Are Index Funds a Trap For the Passive Minded?
Hedge fund manager Bill Ackman has seen the enemy of investors. And it’s in the form of a seemingly benign friend of many investors – the common market-weighted index fund.In his latest letter to shareholders of his fund house, Pershing Square Capital, Ackman starts out by discussing the reasons for his firm’s sharp underperformance relative to their index benchmarks last year. But he also devotes considerable space to criticizing index funds, which have been one of the fastest-growing segments of money management in the past decade.Indeed, Vanguard Group, the biggest provider of index-tracking products in the world, reported recently that it attracted $216 billion in inflows last year, the all-time record annual amount for any fund company.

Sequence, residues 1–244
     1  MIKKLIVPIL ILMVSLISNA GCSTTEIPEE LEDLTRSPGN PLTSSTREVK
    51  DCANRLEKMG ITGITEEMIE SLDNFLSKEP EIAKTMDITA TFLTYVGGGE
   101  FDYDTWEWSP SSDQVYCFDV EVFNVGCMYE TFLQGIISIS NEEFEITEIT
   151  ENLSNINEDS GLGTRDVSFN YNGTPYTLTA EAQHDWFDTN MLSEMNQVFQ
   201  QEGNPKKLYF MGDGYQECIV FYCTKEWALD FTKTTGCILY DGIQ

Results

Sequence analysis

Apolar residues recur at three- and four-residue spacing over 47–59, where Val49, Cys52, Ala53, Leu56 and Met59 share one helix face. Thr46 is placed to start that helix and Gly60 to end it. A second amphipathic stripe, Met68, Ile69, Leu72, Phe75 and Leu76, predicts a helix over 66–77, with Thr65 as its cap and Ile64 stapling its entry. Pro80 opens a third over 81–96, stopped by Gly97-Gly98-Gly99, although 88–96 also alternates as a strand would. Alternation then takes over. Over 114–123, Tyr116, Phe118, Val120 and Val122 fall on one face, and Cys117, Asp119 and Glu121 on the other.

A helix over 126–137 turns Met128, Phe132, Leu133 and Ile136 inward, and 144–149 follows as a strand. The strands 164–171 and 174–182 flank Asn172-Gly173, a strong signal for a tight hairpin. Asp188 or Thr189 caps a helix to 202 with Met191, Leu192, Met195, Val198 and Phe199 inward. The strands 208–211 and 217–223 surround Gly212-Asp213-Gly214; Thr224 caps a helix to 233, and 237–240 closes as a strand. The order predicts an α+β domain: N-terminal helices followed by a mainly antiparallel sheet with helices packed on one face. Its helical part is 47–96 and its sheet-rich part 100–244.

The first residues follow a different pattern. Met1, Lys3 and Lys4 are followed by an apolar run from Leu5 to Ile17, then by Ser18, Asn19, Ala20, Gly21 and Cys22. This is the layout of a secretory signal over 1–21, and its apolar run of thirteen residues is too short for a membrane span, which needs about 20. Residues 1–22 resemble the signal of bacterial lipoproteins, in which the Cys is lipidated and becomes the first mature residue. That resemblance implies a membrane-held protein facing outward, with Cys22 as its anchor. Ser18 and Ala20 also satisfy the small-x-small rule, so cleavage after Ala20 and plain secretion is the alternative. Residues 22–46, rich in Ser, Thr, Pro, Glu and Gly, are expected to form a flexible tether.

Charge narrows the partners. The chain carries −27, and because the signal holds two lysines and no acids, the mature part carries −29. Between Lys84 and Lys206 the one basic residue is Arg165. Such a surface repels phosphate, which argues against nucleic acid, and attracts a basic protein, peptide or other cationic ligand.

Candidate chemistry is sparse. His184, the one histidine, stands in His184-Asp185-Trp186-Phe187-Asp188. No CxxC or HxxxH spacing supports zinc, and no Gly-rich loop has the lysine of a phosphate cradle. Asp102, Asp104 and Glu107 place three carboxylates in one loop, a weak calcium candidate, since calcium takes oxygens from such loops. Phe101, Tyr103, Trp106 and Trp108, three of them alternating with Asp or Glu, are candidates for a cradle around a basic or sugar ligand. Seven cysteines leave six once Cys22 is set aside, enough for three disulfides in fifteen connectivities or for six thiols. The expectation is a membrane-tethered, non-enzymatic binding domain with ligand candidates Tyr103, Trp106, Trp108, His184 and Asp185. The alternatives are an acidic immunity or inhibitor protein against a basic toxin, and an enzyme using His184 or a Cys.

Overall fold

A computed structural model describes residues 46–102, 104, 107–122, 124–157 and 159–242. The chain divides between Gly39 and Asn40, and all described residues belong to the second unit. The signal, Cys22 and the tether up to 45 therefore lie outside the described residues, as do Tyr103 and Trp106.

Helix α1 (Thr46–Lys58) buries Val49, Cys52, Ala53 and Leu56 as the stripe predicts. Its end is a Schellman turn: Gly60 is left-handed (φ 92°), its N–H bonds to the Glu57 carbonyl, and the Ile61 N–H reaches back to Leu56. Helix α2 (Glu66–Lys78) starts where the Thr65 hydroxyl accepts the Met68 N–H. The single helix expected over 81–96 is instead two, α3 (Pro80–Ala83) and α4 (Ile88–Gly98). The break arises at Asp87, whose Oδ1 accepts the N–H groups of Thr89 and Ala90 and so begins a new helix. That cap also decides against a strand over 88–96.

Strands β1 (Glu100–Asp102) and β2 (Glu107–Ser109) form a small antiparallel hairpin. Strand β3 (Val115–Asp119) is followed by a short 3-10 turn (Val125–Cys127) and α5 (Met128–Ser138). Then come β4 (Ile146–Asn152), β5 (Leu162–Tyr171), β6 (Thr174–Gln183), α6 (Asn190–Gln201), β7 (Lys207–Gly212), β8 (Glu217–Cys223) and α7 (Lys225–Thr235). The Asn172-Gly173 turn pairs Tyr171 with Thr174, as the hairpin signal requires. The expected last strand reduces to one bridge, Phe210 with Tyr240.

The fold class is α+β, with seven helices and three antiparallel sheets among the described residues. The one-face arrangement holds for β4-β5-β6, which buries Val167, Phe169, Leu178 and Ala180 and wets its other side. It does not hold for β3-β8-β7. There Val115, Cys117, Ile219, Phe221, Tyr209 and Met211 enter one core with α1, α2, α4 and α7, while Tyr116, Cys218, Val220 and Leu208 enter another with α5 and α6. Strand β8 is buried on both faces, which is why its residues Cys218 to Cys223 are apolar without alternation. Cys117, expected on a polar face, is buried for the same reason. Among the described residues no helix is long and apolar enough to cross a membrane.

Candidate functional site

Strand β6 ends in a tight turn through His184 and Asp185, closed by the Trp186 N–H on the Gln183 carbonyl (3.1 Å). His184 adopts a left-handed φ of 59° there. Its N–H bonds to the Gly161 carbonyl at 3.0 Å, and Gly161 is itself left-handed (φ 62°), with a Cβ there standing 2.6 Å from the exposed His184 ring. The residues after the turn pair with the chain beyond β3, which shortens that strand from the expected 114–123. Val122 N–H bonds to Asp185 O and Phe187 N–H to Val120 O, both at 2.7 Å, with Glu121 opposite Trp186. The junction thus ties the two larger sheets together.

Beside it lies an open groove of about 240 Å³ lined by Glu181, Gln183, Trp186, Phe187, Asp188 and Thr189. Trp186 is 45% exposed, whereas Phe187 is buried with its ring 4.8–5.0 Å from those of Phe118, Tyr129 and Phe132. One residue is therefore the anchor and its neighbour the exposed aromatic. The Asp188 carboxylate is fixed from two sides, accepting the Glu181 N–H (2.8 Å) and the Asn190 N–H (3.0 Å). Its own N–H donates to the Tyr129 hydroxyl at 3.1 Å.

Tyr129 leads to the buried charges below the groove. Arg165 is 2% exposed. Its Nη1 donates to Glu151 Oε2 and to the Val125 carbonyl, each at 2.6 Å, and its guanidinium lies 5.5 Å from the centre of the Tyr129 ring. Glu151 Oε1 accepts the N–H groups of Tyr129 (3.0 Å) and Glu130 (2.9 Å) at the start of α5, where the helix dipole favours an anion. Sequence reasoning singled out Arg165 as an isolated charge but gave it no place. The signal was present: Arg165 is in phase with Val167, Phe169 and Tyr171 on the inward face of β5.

And billions of dollars in recent years have also flowed into non-Vanguard index funds such as the SPDR S&P 500 exchange-traded fund (ticker: SPY ), the iShares MSCI EAFE ETF ( EFA ) and the PowerShares QQQ Trust ( QQQ ).Others in the alpha-chasing crowd have criticized the inherent nature of index funds for years. But Ackman comments are fairly lengthy and wide-ranging for a hedge fund manager, even going as far as claiming that the indexing movement is turning the U.S. into Japan.“At current rates of asset inflows, it will not be long before index funds effectively control Corporate America and the corporations of many foreign countries,” Ackman writes. “The Japanese system of cross corporate ownership, the keiretsu, has been blamed for decades of Japanese corporate underperformance and economic malaise. Large passive ownership of Corporate America by index funds risks a similar outcome without the counterbalancing force of large active investors and improvements in the governance oversight implemented by passive index fund managers.”Ackman’s main argument – and it’s a common knock on standard-issue market-weighted index funds – is that a purchaser is buying inherently overvalued stocks....MORE